Health education and computer technology: The qualitative method of phenomenology and identified experts
Janet Roberta Hurley, Southern Illinois University at Carbondale, United States
Southern Illinois University at Carbondale . Awarded
The purpose of the study was to describe the influence, impact, and implications of computer technology in health education as experienced by identified health education computer technology experts. Computer technology is defined as technologies such as listservs, databases, video/audio streaming, web based instruction, and development of web sites, CD ROMs, and software. The qualitative research methodology used to conduct this study was phenomenology in the tradition of Merleau-Ponty. Key in the data analysis were the description, reduction, and interpretation of data in order to produce a cohesive definition of the experience of health education computer technology. Participants were identified health education computer technology experts and numbered in total, ten. These experts were identified by elected health education association leaders, HEDIR technology award recipients, and on the recommendation of the dissertation advisor. Each participant completed a demographic survey and an interview either by phone or in person. These interviews were audio tape recorded and ranged in length from 50 minutes to 2 hours and 20 minutes. Each transcript was transcribed and coded into the interview protocol categories. In the phenomenological process of description, these coded quotes were pared down to comprehensible units and reported as the results. Next, reduction occurred through a further distillation of the quotes. Finally, the quotes were reduced to a fundamental state and transformed into the experience of computer technology in health education in the interpretation. Computer technology in health education is “one tool of many possible tools” that health educators may keep in their “arsenal,” giving health educators a choice in the way of tools to use and having “the capacity to increase the capacity of health educators to do whatever they want.” This tool of computer technology aids in informational purposes, “interacting,” “improv[ing] job performance,” “promot[ing] health education,” “organiz[ing],” and “solv[ing] problems.” The current state of computer technology in health education is seen as both positive and negative. While some health educators integrate computer technology into their health education practice, many still have not. These experts use health education computer technology for web based instruction, communicating with colleagues, and computer tailoring. Influential health education computer technologies have been the Internet, the HEDIR, and computer tailoring. The future of health education computer technology is unclear given the low acceptance of computer technology in health education; however, it has great potential. In order to influence the growing market of health information, health educators must become involved with developing innovative health education programs which meet the needs of the end users. Ways to incorporate computer technology into health education included helping colleagues learn about health education computer technology by giving them a “nudge” to forming a national research agenda in which health education computer technology is a subset. Finally, a technology savvy health educator is someone who has “vision,” is “open-minded,” “highly skilled,” “flexible,” “adaptable,” “patient,” “a little bit adventurous,” a “problem solver,” and a risk-taker.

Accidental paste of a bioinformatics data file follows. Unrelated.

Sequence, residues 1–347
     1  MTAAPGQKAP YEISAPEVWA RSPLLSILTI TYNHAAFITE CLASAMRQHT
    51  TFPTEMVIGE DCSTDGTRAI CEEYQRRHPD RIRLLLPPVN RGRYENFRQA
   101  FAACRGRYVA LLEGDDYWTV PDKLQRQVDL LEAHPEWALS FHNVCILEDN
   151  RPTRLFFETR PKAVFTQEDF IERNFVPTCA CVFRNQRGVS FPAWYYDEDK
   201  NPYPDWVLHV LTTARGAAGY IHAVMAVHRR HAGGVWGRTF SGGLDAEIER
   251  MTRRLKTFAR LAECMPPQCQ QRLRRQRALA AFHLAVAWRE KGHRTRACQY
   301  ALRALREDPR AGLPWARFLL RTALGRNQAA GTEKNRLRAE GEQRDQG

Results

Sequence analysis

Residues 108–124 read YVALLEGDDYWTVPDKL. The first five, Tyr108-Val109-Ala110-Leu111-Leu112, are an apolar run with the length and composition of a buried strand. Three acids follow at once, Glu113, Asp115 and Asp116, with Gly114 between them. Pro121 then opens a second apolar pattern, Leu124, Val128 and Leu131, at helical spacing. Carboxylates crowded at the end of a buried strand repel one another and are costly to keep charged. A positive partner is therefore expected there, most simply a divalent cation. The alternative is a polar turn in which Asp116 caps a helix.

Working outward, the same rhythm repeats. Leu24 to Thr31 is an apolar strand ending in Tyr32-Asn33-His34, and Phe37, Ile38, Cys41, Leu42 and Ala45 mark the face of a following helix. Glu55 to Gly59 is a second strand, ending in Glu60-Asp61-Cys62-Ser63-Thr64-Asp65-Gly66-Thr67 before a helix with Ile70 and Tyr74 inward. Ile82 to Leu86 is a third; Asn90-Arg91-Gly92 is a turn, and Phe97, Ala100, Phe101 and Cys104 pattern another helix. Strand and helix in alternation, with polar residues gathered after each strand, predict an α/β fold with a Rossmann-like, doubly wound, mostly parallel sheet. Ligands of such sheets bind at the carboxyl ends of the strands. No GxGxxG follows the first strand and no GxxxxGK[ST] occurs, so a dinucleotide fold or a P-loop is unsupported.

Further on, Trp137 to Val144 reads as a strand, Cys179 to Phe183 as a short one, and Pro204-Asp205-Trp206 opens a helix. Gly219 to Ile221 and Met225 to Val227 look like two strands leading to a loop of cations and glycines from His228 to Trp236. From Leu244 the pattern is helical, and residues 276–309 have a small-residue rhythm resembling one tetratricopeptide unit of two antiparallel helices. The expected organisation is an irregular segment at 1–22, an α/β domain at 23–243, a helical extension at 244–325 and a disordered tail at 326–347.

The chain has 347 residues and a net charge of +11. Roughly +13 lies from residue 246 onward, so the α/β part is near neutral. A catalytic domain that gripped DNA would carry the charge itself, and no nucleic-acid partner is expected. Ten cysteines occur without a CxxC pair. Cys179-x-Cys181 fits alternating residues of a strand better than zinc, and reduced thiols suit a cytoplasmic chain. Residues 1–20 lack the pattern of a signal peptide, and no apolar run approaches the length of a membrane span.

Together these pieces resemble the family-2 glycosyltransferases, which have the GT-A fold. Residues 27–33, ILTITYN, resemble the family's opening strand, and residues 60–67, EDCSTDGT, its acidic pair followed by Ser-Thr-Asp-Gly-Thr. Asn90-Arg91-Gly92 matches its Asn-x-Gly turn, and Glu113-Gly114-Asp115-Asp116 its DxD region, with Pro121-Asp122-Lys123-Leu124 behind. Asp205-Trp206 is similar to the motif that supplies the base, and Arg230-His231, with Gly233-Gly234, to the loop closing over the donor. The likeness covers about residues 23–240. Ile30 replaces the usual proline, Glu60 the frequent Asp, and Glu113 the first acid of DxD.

Hurley, J.R. Health education and computer technology: The qualitative method of phenomenology and identified experts. Ph.D. thesis, Southern Illinois University at Carbondale.
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